The delay between the time when a disease outbreak becomes possible and when it actually happens depends chiefly on how frequently infection is introduced to the population and how quickly the number of cases caused by a single individual increases, according to new research from the University of Georgia.
The findings, just published in the Royal Society journal Interface, lay the theoretical groundwork for a disease forecasting system that could give public health officials time to prepare for--or possibly even prevent--certain outbreaks in the future.
Infectious diseases pose a serious threat to public health around the world, as recent outbreaks of emerging diseases such as Zika and re-emerging ones such as measles attest. An early warning system for infectious diseases could not only save lives but also allow public health resources to be used more efficiently and effectively. Developing such a system is the goal of Project AERO, a research collaborative led by John M. Drake, a professor in the UGA Odum School of Ecology, director of the Center for the Ecology of Infectious Diseases, and the study's senior author. The paper is one of the project's first outcomes.
Project AERO applies the theory of "critical slowing down" to infectious diseases. Critical slowing down is the idea that as complex systems approach a tipping point--a threshold beyond which the system is vulnerable to collapse--they exhibit recognizable patterns that can alert observers that the tipping point is imminent.
In the case of an infectious disease system, the patterns appear in public health case reports and the tipping point is the point at which each infected individual tends to pass the infection on to more than one other person. Once that happens, the population is at risk of an outbreak.
But in most cases major outbreaks don't occur as soon as they are theoretically possible, according to Christopher J. Dibble, a postdoctoral associate at the Odum School who led the study.
"We know that there's some amount of delay between the theoretical point and the first major outbreak, and this effort was aimed in part at finding some likely values for that waiting time and in part to discern what drives it," Dibble said.
With his colleagues, Dibble developed a mathematical model representing a population made up of people susceptible to a disease, people currently infected by the disease and people recovered from the disease and therefore immune. They incorporated parameters such as host birth and death rate, disease transmission rate, rate of recovery, population size and the rate of infection from external sources.
The researchers then ran thousands of model simulations based on different disease systems.
They found that two factors had the most influence on the length of time between tipping point and outbreak. The first was the speed with which the pathogen's basic reproductive ratio increases as the tipping point nears.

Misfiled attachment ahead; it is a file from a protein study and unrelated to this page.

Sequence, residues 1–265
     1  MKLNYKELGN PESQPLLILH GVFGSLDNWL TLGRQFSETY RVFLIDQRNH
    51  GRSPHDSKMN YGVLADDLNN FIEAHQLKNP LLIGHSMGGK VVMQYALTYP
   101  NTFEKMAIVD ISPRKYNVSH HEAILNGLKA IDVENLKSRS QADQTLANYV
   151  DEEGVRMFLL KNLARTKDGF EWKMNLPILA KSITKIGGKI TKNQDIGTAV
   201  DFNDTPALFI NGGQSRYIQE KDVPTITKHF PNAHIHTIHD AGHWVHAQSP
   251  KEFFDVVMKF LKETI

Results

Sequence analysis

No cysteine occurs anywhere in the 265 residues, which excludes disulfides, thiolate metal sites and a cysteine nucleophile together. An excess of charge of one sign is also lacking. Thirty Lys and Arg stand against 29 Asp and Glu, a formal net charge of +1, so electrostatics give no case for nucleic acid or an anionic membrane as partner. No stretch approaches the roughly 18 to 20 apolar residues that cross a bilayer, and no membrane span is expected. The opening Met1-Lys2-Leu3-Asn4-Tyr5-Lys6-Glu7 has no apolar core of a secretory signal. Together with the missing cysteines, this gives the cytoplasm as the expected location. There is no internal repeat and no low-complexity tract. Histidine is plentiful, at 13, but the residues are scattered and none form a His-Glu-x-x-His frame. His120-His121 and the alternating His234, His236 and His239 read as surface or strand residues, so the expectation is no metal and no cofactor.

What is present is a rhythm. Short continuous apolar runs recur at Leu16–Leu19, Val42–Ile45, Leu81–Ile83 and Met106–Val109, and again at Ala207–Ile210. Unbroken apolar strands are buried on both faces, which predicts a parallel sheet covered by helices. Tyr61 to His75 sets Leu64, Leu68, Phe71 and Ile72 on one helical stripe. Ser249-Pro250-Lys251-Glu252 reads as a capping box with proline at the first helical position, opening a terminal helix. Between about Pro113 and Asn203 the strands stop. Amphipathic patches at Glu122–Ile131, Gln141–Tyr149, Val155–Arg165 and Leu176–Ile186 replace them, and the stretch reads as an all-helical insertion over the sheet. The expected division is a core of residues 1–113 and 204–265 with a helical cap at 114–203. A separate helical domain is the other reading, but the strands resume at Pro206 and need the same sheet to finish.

"The faster you approach that transition, the less waiting time you'll have," Dibble said. "That's one of the main additions to the existing theoretical work that this paper addresses."
The other key factor is the rate at which infection is introduced from outside the population: The more frequently infection is introduced, the shorter the delay before an outbreak.
The findings are important for several reasons, according to Dibble. One is that they will allow public health experts to gain insights into the drivers of outbreaks and epidemics.
"Once we understand this waiting time, we can learn from past epidemics," Dibble said. "Using some of the modeling approaches that we've taken here we can extrapolate backward. If we had an epidemic in March, for instance, it's really tempting to assume that something must have happened in February or January to cause this population to change in a way that allowed it to experience this outbreak. But the problem is that the important change might have happened well before that. If we don't account for the delay between an actual outbreak and the point at which it was theoretically possible, we may be looking in the wrong place for the driver."
Equally important is being able to provide an estimate of the likely delay between tipping point and major outbreak for a given disease system and population.
"The goal of Project Aero is not so much to tell us how to curb an outbreak once it's started as to gain more lead time on knowing that an epidemic's coming," said postdoctoral researcher Eamon B. O'Dea, one of the paper's co-authors. "Depending on the disease, officials might use the time to try to increase resources for treatment, initiate a pulse vaccination campaign, or do whatever they think will most reduce the risk," he said.
Dibble said that the team hopes eventually to develop an early warning system that can predict both when an outbreak becomes possible and how long the delay until the first major outbreak is likely to be.
"It will never be as clean, unfortunately, as saying 'six months is how long you have to wait,'" Dibble said. "But we hope to be able to offer a range of possible values: It could happen on day one or it could happen a year or two later. I'd love to see that in practice. We have a lot more work to do to get it there, but this is a big first step."
The study, "Waiting time to infectious disease emergence," was co-authored by Odum School associate professor Andrew W. Park and is available online at http://rsif.royalsocietypublishing.org/content/13/123/20160540. Funding for Project AERO is provided by the National Institutes of Health grant No. U01GM110744.
For more information about Project AERO, see daphnia.ecology.uga.edu/midas/. To learn more about the Center for the Ecology of Infectious Diseases, see ceid.uga.edu/. For more about the Odum School of Ecology, visit http://www.ecology.uga.edu.